Edna May Oliver plays Miss Withers in the first three films, Helen Broderick plays her in the fourth and the series finishes with Zasu Pitts in the fifth and sixth films. Each of the three actresses bring their own unique spin to the Hildegarde Withers character. The only consistency you'll find is with James Gleason who plays Oscar Piper in all six films.

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 Withers to Piper: "Stop acting like a movie detective!"

Penguin Pool Murder (1932) - A school field trip, lost hat pin, a love triangle, a sad
aquarium and a curious penguin.  The story starts off with a fairly straightforward scenario: an unhappily married woman and her lover encounter her husband at an aquarium and the husband is killed. But the situation proves to be a lot more complicated than we originally thought. Visiting school teacher Hildegarde Withers (Edna May Oliver) assists Inspector Oscar Piper (James Gleason) in the investigation, much to his initial dismay. This film features the saddest aquarium you will ever see. It's difficult to watch the aquarium scenes and not weep for those poor creatures who are trapped in dirty tanks and cramped pools.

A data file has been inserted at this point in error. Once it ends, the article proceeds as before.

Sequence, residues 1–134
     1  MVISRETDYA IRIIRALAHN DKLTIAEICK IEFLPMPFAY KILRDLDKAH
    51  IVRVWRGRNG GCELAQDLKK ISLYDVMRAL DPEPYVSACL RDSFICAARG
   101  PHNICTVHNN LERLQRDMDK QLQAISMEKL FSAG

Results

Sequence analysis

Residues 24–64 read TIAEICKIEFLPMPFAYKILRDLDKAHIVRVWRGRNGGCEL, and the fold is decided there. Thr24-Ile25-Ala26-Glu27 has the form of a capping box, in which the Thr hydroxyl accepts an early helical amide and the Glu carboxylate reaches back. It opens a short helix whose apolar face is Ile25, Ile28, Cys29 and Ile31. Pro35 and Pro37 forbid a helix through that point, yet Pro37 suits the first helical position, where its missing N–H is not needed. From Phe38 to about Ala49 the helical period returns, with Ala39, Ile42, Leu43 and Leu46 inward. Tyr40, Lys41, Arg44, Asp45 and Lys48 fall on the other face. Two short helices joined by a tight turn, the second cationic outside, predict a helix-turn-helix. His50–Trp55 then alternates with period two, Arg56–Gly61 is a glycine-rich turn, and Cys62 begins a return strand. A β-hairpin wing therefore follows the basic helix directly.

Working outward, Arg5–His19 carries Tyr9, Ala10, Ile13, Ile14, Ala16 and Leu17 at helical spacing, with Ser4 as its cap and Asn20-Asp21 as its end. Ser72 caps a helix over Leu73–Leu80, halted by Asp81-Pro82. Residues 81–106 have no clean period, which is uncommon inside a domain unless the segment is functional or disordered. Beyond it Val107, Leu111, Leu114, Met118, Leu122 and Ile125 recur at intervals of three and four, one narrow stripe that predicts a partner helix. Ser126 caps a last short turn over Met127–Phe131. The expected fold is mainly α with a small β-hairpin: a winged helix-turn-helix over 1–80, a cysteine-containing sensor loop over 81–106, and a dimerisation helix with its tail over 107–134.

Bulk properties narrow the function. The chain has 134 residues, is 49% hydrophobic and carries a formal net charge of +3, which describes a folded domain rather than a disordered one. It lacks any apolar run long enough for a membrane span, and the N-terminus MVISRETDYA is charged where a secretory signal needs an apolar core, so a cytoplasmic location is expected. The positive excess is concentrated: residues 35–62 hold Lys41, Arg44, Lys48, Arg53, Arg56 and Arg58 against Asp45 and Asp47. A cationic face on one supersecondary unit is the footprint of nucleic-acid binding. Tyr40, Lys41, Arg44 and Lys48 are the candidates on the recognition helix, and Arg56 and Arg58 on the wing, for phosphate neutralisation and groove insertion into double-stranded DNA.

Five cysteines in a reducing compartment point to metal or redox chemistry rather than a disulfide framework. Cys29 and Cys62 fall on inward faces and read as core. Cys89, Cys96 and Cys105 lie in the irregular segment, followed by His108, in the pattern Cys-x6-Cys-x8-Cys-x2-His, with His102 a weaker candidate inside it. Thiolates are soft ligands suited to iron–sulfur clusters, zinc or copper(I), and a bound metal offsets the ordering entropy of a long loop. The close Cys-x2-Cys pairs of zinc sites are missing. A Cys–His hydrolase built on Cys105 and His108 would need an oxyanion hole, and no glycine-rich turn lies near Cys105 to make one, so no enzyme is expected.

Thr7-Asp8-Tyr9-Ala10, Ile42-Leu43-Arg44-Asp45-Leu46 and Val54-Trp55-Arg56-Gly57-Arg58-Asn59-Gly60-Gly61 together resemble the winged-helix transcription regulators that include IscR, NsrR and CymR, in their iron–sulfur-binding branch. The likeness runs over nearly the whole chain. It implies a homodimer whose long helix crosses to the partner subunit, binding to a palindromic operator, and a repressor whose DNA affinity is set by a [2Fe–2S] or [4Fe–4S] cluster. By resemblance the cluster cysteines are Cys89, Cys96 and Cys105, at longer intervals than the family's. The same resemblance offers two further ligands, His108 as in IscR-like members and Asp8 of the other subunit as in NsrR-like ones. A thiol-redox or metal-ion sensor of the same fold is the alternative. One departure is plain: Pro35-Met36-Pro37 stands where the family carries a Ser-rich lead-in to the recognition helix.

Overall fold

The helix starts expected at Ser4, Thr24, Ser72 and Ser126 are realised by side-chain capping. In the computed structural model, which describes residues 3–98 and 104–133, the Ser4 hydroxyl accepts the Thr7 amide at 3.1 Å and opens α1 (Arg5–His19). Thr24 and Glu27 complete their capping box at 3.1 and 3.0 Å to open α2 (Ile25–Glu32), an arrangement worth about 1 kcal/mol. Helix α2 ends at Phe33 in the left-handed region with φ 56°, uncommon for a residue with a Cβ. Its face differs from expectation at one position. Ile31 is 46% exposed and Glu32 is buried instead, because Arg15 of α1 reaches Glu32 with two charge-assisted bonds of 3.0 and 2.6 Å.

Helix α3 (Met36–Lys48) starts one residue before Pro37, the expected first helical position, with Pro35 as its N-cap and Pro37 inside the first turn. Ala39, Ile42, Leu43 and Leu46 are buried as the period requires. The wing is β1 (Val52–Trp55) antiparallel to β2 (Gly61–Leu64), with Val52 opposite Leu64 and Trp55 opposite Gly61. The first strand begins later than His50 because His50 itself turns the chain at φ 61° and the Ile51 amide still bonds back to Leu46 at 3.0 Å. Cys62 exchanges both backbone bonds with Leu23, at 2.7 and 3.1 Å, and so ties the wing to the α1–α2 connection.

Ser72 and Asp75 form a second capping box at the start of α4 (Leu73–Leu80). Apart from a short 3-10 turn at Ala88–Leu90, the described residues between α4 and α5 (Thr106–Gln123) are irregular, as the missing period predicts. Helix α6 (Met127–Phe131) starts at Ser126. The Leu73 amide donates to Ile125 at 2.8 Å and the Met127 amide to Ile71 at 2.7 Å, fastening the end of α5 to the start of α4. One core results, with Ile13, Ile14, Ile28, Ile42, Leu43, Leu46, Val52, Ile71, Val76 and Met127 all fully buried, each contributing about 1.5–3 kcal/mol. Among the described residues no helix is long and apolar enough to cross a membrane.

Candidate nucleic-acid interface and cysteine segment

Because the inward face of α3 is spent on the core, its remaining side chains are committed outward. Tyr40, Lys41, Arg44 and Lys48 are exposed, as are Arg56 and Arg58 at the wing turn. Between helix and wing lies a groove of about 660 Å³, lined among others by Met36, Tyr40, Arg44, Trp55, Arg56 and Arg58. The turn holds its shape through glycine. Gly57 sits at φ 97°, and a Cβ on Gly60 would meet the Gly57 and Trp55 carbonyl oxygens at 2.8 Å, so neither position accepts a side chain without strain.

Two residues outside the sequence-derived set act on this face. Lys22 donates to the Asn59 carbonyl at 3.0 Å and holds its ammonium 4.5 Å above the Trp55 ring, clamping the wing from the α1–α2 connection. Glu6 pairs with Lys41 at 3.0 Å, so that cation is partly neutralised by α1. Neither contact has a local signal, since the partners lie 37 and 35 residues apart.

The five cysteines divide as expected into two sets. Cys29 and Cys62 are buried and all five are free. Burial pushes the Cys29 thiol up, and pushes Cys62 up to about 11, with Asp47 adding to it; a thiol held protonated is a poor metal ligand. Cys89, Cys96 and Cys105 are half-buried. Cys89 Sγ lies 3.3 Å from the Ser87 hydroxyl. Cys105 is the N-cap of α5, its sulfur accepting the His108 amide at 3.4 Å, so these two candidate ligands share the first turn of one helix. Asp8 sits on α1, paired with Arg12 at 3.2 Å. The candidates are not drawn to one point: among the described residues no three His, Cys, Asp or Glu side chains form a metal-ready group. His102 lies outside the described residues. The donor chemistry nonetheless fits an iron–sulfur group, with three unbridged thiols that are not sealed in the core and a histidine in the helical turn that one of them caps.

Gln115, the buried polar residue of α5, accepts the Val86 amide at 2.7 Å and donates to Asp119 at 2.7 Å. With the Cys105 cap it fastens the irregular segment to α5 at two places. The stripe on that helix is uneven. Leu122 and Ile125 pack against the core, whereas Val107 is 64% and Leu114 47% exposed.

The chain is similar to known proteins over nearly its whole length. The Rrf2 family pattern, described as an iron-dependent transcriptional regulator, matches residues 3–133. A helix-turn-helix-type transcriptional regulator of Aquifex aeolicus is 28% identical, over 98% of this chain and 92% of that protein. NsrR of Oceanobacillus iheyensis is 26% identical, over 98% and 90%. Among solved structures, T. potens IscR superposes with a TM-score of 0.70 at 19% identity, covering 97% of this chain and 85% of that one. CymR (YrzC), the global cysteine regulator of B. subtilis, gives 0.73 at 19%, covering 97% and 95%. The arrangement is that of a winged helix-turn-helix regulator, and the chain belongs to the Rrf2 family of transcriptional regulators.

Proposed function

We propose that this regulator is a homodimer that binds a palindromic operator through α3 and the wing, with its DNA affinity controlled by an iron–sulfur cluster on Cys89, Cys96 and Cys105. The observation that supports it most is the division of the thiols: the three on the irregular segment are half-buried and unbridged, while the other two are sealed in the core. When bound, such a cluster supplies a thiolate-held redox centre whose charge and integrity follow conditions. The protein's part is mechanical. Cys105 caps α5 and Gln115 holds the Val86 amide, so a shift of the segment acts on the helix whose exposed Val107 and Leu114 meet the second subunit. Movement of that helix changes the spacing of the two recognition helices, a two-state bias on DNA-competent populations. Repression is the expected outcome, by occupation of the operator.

Murder on the Blackboard (1934) - A murdered teacher, a secret stash of liquor, an Irish lottery, and musical notes. Withers calls upon Piper when a music teacher is murdered at her school. This film is probably the most frightening of all three and squeamish viewers should be glad that this is the 1930s and you won't find the gore that a modern day forensics drama would gleefully dish out. By the second film Withers and Piper are a crime-fighting team and Piper, while still critical of Withers, relies on her more as a detective and continues to do so in the following films.

Personal note: This story hit a little too close to home because of a recent real-life incident in which a local school teacher was murdered at her school.

Source: Warner Archive Tumblr